Lately, when Rep. Ruben Gallego talks to potential congressional candidates, a new question comes up.
It’s not their first question, but some potential candidates are now asking the Arizona Democrat, “Is it safe? Will it be safe for me and my family?”
Safety is just one of many factors people weigh as they decide to run for office. And recent security questions underscore the persistent threats facing lawmakers, which were on full display as a mob attacked the Capitol on Jan. 6.
A few campaign operatives involved in congressional races said safety concerns have come up in recent conversations with potential candidates, while others said they have not heard anyone raise them. None of the operatives believed the security risks would actually deter potential candidates from running.
“Because of what occurred on Jan. 6, it makes it even more important that we have people that are willing to step up and do the job,” said Gallego, who chairs BOLD PAC, the campaign arm of the Congressional Hispanic Caucus.
Former Republican Rep. Ryan A. Costello, who is considering running for Senate in Pennsylvania, said in a recent interview that the persistent security threat “makes me think long and hard” about running.
“I think it would for any reasonable person,” he said.
But Costello also said the Jan. 6 attack spurred him to strongly consider a congressional comeback because he was angered by the “purposeful dissemination of disinformation and just the unwillingness to accept the results of an election.”
The same was true for Democrat Heather Mizeur, a former state lawmaker who decided to challenge Maryland GOP Rep. Andy Harris after the attack. She said she had no intention of running for office, but Jan. 6 “changed everything.”
Mizeur worked as a congressional staffer for a decade, and her wife is also a former staffer. They named their farm after “The Apotheosis of Washington,” the painting on the inside of the Capitol Dome, which they would admire as they walked through the Rotunda together each morning.
“That invasion of the Congress felt very personal. It felt like an invasion of my own home,” Mizeur said.
Mizeur said she did weigh the security risks that come with running for office, and that it wouldn’t be human to say she didn’t. “And I know that fear, the energy of fear purposely tries to separate us from each other. And I know that there is reason to trust in the goodness of the people in this district. And I put that fear aside,” she said.
Asked whether security risks could deter potential candidates from running, Michigan Sen. Gary Peters, the new chairman of the Democratic Senatorial Campaign Committee, said in a Wednesday interview, “Every individual has to answer that on their own.”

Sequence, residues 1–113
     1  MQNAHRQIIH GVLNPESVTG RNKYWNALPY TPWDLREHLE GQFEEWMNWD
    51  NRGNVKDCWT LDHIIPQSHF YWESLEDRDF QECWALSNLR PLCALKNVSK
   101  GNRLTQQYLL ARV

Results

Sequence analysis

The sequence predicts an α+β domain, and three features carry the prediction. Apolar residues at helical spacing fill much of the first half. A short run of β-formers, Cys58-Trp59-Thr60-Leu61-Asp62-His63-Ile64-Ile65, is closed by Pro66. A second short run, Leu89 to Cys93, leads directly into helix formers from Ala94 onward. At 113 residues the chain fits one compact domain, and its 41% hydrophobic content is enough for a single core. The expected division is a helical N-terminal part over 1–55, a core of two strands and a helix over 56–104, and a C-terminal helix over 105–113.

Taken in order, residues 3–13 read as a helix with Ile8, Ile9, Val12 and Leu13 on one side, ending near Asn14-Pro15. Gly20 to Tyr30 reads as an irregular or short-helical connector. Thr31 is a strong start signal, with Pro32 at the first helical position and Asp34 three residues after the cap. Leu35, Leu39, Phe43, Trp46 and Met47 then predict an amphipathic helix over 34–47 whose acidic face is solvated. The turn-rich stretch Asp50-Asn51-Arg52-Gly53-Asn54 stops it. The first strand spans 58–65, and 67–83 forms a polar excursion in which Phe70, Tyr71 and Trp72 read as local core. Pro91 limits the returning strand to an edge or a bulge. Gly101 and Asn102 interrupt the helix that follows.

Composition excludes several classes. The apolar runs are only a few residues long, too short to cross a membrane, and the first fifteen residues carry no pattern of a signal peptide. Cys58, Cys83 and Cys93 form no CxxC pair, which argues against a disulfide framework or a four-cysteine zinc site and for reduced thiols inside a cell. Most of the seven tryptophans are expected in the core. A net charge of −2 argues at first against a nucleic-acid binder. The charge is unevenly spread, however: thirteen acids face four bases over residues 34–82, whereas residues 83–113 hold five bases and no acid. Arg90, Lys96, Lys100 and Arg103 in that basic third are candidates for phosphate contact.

“In general, what we’re seeing happening in this country is actually a reason why so many Democrats want to run,” Peters added. “They realized that we’re at a pivotal time for the history of this country.”
National Republican Senatorial Committee spokesman Chris Hartline said he had not heard security concerns raised in recruitment conversations, and he did not believe they would affect potential candidates’ decisions.
New York Rep. Elise Stefanik’s group E-PAC, which recruits and supports Republican women, has engaged with more than 100 potential candidates so far, and no one has raised concerns about security, according to Stefanik senior adviser Alex DeGrasse.
“So far, every day of the Biden administration has helped embolden Republican women as they put their prospective campaigns together,” DeGrasse said.
More security ahead?
The recent threats have prompted the House campaign committees to share guidance with lawmakers about spending election funds on security.
Last week, lawyers for the House and Senate Republican campaign arms wrote to the Federal Election Commission asking that candidates be allowed to spend campaign funds on personal security for themselves and their families.
“The current threat environment that Members and their families face must again be met with increased security measures,” wrote lawyers for the National Republican Congressional Committee and the NRSC.
The FEC has made similar rulings in the past. In 2017, a lone gunman targeted GOP lawmakers at their morning practice for the annual charity baseball game, injuring five, including GOP whip Steve Scalise. After the shooting, the FEC ruled that members of Congress could spend campaign funds on home security systems.
In their filing last week, the committees’ lawyers noted that since the 2017 baseball practice shooting, the “threat environment … has actually worsened.” The FEC has not yet responded to their request.
Despite the ongoing threats, just four members of Congress used campaign funds to pay for home security systems during the 2020 election cycle, according to a review of campaign finance reports filed with the FEC.
Gallego was one of them, spending $487 on Nov. 20 for a security system at his new home after receiving threats during the election cycle.
Gallego expects personal security to be more prevalent at future campaign events, noting that he often has a plainclothes police officer at his official town hall meetings in Arizona. Other lawmakers have done the same, particularly after Arizona Democratic Rep. Gabrielle Giffords was shot and severely injured at a constituent event in 2011.
Sen. Chris Coons also predicted heightened security at future campaign events, especially as in-person campaigning picks up after the coronavirus pandemic.
“I think folks will be more clear-eyed about the risks they face because this was such a public moment,” the Delaware Democrat said of the Jan. 6 attack.
“But honestly, if you hold this kind of an office, you get death threats on a regular basis,” Coons added. “That’s something most candidates don’t realize.”
Stephanie Akin and Jennifer Shutt contributed to this report.